A couple of nights ago I woke up suddenly, around 3am, feeling panicky. My heart was racing, stomach churning, and I was convinced that something bad was about to happen.
I soon realised that I was having a full-blown panic attack, but knowing what was happening didn’t really help.
I tried to do some slow, deep breaths and focus on other, more pleasant, thoughts — but the feelings of dread just got stronger.
After a couple of minutes I put my clothes on and went outside for a walk (I’m currently filming in Australia, so it wasn’t cold).
And in 20 minutes or so, the fear had passed and I got back into bed and almost immediately fell deeply asleep.
A couple of nights ago I woke up suddenly, around 3am, feeling panicky. My heart was racing, stomach churning, and I was convinced that something bad was about to happen. Pictured: Dr Michael Mosley
I tried to do some slow, deep breaths and focus on other, more pleasant, thoughts — but the feelings of dread just got stronger
Panic attacks are common, with around a third of us experiencing at least one at some point.
If you’ve previously had a panic attack it increases the chances you’ll have another, and some unfortunate souls have them almost daily.
The main symptom is the onset of intense fear in a situation where there is no obvious danger, and it’s often accompanied by feeling faint, chest pain, shortness of breath and trembling.
Some people report ringing in the ears, while others describe it as like an ‘out-of-body’ experience. Many of those having a panic attack for the first time think they’re having a heart attack or stroke.
There seems to be a genetic basis, with panic attacks often running in families, and they can be triggered by a major life event, such as divorce — but otherwise, they’re a bit of a mystery, as often there’s no obvious cause.
N ext week I am embarking on a tour across the main Australian cities. And while I enjoy appearing in front of a live audience, I find the build-up to the first show very stressful. So I am under a lot of pressure at the moment, which could explain why the panic attack happened.
It’s also possible that the groundwork for this recent attack was laid many years ago when I made a documentary about fear.
It involved going caving and I got stuck deep underground while trying to squeeze through a narrow fissure. I was only trapped for a few minutes, but I can still remember the intense feelings of fear, and I’ve had nightmares about it since.
So perhaps I had a nightmare, which I can’t remember, but which flooded my body with adrenaline, triggering an attack.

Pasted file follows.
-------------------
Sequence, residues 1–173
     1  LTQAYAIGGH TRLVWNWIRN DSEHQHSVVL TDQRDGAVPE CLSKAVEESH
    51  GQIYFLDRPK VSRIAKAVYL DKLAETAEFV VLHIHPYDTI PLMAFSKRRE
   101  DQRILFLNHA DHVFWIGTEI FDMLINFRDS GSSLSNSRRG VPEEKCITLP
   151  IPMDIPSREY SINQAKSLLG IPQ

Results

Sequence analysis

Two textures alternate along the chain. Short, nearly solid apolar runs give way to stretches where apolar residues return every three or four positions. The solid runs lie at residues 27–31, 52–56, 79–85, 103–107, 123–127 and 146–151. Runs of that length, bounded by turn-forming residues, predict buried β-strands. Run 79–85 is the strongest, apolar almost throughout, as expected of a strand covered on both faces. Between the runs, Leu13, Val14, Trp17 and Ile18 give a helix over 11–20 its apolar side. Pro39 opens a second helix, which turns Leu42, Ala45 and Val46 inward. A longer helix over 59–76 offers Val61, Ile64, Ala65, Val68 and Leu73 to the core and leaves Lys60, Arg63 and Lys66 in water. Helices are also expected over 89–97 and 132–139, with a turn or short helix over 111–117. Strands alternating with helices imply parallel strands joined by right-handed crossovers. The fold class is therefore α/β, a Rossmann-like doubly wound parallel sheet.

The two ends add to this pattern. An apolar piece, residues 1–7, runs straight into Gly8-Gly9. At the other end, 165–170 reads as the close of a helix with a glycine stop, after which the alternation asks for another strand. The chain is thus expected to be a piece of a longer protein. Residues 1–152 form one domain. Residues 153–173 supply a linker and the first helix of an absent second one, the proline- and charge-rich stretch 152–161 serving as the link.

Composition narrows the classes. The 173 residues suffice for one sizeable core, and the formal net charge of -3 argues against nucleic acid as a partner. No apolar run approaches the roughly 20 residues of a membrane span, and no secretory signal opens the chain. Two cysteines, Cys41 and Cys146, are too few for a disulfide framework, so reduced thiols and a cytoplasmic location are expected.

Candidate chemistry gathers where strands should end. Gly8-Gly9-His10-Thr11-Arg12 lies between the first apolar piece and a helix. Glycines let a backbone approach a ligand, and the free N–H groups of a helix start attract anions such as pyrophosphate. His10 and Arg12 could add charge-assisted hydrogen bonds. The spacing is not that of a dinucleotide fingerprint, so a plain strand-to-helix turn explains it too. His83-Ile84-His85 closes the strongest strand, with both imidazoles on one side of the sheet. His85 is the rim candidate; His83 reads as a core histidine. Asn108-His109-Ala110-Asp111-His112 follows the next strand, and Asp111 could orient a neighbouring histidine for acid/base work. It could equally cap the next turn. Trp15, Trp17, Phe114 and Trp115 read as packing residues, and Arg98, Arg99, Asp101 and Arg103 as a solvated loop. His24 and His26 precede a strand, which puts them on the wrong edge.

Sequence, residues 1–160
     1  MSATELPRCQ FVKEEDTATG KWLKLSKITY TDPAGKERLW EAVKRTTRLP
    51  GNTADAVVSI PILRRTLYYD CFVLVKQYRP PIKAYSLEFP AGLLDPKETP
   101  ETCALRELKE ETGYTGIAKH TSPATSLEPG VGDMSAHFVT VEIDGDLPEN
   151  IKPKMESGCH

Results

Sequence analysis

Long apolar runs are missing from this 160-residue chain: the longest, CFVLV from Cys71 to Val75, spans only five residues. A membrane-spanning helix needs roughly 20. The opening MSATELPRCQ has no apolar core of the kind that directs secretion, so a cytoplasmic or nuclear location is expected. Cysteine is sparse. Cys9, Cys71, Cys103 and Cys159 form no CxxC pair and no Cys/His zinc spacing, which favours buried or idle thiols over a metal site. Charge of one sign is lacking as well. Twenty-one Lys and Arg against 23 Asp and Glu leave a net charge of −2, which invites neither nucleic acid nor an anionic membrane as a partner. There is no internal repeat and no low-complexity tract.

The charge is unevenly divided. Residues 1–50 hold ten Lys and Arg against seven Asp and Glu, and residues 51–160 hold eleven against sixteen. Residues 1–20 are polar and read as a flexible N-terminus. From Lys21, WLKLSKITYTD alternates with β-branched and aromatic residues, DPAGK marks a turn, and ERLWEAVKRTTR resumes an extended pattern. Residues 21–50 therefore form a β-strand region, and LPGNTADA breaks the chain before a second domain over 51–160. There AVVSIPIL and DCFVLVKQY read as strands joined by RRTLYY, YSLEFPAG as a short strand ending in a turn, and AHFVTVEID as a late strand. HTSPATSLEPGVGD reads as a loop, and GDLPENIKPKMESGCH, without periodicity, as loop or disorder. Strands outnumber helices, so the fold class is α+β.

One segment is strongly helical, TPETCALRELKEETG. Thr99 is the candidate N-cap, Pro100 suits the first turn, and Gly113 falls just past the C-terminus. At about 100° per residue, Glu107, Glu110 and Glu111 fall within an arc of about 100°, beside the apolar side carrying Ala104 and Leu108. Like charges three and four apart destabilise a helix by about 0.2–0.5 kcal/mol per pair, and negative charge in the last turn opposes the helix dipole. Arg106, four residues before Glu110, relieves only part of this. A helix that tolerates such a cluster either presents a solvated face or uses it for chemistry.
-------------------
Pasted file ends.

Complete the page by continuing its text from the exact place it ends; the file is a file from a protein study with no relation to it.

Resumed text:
One of the things that adrenaline does is make you breathe faster, and one of the most striking things about panic attacks is that people who experience them often start hyperventilating some time before the attack itself.
In a 2011 study by the Southern Methodist University in Texas, 43 people who were prone to daily panic attacks were fitted with sensors to measure their heart rate, breathing rate and level of carbon dioxide in their breath (when you hyperventilate you breathe out more carbon dioxide than normal).
The sensors were attached to a monitoring pack that had a panic button, which the participants pressed if they felt an attack.
The main finding from this study was that carbon dioxide levels were abnormally low in the hour before the volunteers experienced a panic attack — suggesting that they had begun hyperventilating long before they felt panic — but those levels then suddenly shot up just before the attack.
As levels of carbon dioxide rose, patients began to experience anxiety, fear of dying and chest pain.
So are the rapidly changing levels of carbon dioxide what’s really triggering these attacks?
In 2012, researchers at Maastricht University in the Netherlands asked a group of healthy volunteers to inhale carbon dioxide at increasing concentrations — they found the higher the concentration of carbon dioxide in their blood, the greater the feelings of panic and fear, accompanied by surges in blood pressure.
The link between carbon dioxide and fear could help explain why one of the best ways to cope with a panic attack is to try to control your breathing — focusing on taking long, slow, deep breaths.
Follow a pattern of 4:6 — breathing in deeply through your nose to a count of four, then out through your mouth to a count of six.
Doing this for a couple of minutes should stabilise your carbon dioxide levels and the feelings of panic should subside.
This is obviously easier said than done, particularly when you’re feeling terrified and finding it hard to focus. But if you practise doing slow, deep breathing at times when you’re not panicked, this will help.
You could also try hugging a cushion — or at least a cushion like the one being developed by engineers at the University of Bristol.
It has an inflatable chamber that’s linked to a pump which makes it ‘breathe’ in and out at a slow and steady rate.
When they tested it on students about to take a gruelling exam, hugging the cushion helped reduce their anxiety, mainly because the students began unconsciously to adjust their own breathing rate to that of the cushion.
There are other ways to cope with panic attacks.
You can, for example, try reasoning with yourself, along the line of, ‘I know this will soon pass and I am not going to die.’
Or try distracting yourself by counting as many brightly coloured objects around you as you can. Or grab something really cold from the fridge, as this will help you focus on the feelings of cold, rather than the fear.
If you have persistent attacks see your GP, who may prescribe medication or cognitive behavioural therapy, which can help by encouraging you to challenge your negative thoughts. And do, of course, practise slow, deep breathing.